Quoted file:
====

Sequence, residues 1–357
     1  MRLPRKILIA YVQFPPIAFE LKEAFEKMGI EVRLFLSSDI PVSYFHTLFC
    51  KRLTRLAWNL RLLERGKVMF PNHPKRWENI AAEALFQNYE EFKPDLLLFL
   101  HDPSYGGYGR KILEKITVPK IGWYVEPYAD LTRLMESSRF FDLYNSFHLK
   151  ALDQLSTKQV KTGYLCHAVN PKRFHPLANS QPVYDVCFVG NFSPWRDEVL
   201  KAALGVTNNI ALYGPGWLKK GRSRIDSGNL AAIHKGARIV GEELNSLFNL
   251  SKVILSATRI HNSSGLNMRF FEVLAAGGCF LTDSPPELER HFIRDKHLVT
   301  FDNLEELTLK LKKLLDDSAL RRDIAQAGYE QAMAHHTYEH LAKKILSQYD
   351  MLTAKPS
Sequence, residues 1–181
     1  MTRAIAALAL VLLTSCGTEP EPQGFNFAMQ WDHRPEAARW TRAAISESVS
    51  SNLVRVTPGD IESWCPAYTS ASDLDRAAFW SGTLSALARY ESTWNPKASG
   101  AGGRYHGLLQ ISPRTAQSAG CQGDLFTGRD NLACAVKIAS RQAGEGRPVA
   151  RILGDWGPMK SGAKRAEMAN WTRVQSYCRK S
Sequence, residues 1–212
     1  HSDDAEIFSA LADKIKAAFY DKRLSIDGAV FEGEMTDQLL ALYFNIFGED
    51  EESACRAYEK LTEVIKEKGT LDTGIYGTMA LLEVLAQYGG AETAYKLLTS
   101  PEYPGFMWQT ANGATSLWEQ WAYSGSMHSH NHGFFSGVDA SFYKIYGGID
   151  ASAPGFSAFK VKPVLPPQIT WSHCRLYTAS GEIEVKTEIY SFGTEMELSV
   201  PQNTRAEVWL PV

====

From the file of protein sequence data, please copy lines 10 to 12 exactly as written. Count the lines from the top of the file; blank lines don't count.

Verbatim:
Sequence, residues 1–181
     1  MTRAIAALAL VLLTSCGTEP EPQGFNFAMQ WDHRPEAARW TRAAISESVS
    51  SNLVRVTPGD IESWCPAYTS ASDLDRAAFW SGTLSALARY ESTWNPKASG